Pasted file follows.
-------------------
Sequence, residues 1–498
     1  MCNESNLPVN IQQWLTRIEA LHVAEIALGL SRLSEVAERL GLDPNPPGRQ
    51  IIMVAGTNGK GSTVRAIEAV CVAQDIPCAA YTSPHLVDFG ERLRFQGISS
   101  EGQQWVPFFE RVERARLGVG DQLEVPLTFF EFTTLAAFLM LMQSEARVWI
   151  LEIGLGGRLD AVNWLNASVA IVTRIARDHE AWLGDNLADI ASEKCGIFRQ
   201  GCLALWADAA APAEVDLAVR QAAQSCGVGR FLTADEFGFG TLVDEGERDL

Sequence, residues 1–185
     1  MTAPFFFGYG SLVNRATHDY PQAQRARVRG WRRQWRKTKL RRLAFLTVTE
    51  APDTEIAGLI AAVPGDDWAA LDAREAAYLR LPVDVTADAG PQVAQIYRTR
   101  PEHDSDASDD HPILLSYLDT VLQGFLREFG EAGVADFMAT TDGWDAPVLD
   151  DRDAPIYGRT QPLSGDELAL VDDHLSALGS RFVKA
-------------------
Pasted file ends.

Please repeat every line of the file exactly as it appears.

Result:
Sequence, residues 1–498
     1  MCNESNLPVN IQQWLTRIEA LHVAEIALGL SRLSEVAERL GLDPNPPGRQ
    51  IIMVAGTNGK GSTVRAIEAV CVAQDIPCAA YTSPHLVDFG ERLRFQGISS
   101  EGQQWVPFFE RVERARLGVG DQLEVPLTFF EFTTLAAFLM LMQSEARVWI
   151  LEIGLGGRLD AVNWLNASVA IVTRIARDHE AWLGDNLADI ASEKCGIFRQ
   201  GCLALWADAA APAEVDLAVR QAAQSCGVGR FLTADEFGFG TLVDEGERDL

Sequence, residues 1–185
     1  MTAPFFFGYG SLVNRATHDY PQAQRARVRG WRRQWRKTKL RRLAFLTVTE
    51  APDTEIAGLI AAVPGDDWAA LDAREAAYLR LPVDVTADAG PQVAQIYRTR
   101  PEHDSDASDD HPILLSYLDT VLQGFLREFG EAGVADFMAT TDGWDAPVLD
   151  DRDAPIYGRT QPLSGDELAL VDDHLSALGS RFVKA